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1.5.3: Acid-Base Neutralization

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  • Learning Objectives

    • Write balanced chemical equations for neutralization reactions and determine if the resulting solution will be acidic, basic, or neutral.

    As we have seen in the section on chemical reactions, when an acid and base are mixed, they undergo a neutralization reaction. The word “neutralization” seems to imply that a stoichiometrically equivalent solution of an acid and a base would be neutral. This is sometimes true, but the salts that are formed in these reactions may have acidic or basic properties of their own, as we shall now see.

    Acid-Base Neutralization

    A solution is neutral when it contains equal concentrations of hydronium and hydroxide ions. When we mix solutions of an acid and a base, an acid-base neutralization reaction occurs. However, even if we mix stoichiometrically equivalent quantities, we may find that the resulting solution is not neutral. It could contain either an excess of hydronium ions or an excess of hydroxide ions because the nature of the salt formed determines whether the solution is acidic, neutral, or basic. The following four situations illustrate how solutions with various pH values can arise following a neutralization reaction using stoichiometrically equivalent quantities:

    1. A strong acid and a strong base, such as HCl(aq) and NaOH(aq) will react to form a neutral solution since the conjugate partners produced are of negligible strength: \[\ce{HCl}(aq)+\ce{NaOH}(aq)⇌\ce{NaCl}(aq)+\ce{H2O}(l)\]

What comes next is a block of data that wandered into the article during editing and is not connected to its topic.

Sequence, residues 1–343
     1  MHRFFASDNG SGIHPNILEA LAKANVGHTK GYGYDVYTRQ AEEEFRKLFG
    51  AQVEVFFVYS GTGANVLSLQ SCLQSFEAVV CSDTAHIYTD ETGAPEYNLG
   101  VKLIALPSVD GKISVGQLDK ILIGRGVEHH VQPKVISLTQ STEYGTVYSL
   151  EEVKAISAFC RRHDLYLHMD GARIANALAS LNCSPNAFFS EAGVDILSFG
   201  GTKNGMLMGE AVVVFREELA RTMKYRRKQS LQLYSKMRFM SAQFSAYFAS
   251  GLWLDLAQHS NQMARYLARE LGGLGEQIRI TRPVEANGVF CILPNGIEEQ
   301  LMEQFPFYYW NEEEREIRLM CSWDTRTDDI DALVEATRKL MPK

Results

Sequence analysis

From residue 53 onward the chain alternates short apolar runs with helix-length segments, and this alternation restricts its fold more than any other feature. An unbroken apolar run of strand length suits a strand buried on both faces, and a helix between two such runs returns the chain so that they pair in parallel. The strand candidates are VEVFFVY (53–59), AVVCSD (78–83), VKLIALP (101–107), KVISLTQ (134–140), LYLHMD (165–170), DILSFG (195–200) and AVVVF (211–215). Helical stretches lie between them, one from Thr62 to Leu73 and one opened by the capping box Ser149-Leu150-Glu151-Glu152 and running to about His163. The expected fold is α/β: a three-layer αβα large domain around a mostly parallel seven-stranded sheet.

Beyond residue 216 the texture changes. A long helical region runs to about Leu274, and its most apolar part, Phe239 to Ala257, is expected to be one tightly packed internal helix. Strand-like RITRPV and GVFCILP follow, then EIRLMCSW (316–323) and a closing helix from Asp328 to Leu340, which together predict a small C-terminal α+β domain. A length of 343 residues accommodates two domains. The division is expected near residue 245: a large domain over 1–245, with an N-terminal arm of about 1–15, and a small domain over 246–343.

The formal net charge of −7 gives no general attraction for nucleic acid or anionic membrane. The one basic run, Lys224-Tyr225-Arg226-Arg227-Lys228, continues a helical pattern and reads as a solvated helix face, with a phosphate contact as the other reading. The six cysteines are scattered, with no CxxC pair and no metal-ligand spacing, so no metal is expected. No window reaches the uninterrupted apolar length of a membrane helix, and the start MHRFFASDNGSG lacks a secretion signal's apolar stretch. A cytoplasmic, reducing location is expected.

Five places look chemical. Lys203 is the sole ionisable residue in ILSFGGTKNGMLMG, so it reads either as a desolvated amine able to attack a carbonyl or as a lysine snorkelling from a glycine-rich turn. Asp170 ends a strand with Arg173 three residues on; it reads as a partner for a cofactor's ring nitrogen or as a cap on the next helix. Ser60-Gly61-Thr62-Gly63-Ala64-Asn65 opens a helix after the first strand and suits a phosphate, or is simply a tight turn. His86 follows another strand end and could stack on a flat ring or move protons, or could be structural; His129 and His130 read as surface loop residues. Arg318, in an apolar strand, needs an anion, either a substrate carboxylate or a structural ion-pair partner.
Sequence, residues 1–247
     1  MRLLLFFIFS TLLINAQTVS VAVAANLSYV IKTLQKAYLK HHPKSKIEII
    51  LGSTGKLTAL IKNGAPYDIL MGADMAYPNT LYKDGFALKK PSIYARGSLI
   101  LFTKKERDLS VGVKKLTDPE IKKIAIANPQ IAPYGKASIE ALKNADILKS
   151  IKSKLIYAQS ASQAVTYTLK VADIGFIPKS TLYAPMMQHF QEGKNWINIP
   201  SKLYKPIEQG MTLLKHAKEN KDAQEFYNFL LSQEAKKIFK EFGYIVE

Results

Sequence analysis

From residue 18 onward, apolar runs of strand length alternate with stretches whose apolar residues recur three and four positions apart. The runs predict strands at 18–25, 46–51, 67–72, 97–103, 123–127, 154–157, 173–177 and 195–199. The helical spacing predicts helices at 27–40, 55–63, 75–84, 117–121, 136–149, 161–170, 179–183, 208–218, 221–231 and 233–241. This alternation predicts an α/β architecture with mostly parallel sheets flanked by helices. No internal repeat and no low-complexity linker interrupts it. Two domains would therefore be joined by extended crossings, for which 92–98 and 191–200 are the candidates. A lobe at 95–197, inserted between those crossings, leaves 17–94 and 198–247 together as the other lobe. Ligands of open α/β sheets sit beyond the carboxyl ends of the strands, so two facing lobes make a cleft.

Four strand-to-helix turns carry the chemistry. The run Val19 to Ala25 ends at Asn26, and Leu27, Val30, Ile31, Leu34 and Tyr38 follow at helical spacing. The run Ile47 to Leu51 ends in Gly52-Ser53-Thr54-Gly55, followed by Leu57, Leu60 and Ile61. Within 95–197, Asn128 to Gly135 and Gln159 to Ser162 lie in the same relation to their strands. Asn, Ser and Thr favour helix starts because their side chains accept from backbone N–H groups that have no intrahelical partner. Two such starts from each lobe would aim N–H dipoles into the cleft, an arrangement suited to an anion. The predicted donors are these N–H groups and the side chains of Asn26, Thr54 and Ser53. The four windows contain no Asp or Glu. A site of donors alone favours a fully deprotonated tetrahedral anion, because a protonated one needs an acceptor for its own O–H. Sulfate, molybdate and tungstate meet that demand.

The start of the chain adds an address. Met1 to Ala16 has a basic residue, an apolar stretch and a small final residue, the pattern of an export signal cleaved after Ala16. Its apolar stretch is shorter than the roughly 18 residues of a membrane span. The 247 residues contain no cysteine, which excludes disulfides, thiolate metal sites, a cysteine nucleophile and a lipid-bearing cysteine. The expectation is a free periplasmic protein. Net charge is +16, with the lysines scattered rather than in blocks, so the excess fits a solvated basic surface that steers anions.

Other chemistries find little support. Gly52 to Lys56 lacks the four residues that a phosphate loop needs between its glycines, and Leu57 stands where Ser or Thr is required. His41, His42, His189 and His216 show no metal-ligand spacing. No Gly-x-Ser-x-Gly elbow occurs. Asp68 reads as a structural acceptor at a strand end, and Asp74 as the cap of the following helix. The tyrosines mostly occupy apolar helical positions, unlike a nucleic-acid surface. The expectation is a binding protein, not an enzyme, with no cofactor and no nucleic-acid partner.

2. A strong acid and a weak base yield a weakly acidic solution, not because of the strong acid involved, but because of the conjugate acid of the weak base.
    3. A weak acid and a strong base yield a weakly basic solution. A solution of a weak acid reacts with a solution of a strong base to form the conjugate base of the weak acid and the conjugate acid of the strong base. The conjugate acid of the strong base is a weaker acid than water and has no effect on the acidity of the resulting solution. However, the conjugate base of the weak acid is a weak base and ionizes slightly in water. This increases the amount of hydroxide ion in the solution produced in the reaction and renders it slightly basic.
    4. A weak acid plus a weak base can yield either an acidic, basic, or neutral solution. This is the most complex of the four types of reactions. When the conjugate acid and the conjugate base are of unequal strengths, the solution can be either acidic or basic, depending on the relative strengths of the two conjugates. Occasionally the weak acid and the weak base will have the same strength, so their respective conjugate base and acid will have the same strength, and the solution will be neutral. To predict whether a particular combination will be acidic, basic or neutral, tabulated K values of the conjugates must be compared.

    Neutralization Reactions

    This is the general format for a neutralization reaction:

    Acid + Base → Salt + Water

    It is important to note that neutralization reactions are just a specific type of double displacement redox reaction . Remember the rules for writing displacement reactions.

    1. Figure out what the reactants and products will be.
      • The cations will switch places in the products for double replacement reactions.
      • The element will replace the cation in the reacting compound and result in a new product for single replacement reactions.
    2. Make sure that all of the compound formulas are correctly written based on the oxidation state of the elements involved.
    3. Balance the equation.

    Example \(\PageIndex{6}\): Predicting the outcome of a neutralization reaction

    Write the balanced chemical equation for the neutralization of HCl with Mg(OH)2. Hint: neutralization reactions are a specialized type of double replacement reaction.

    2HCl + Mg(OH)2 → Mg(Cl)2 + 2H2O

    Since HCl is a strong acid and Mg(OH)2 is a strong base, the resulting solution would be neutral.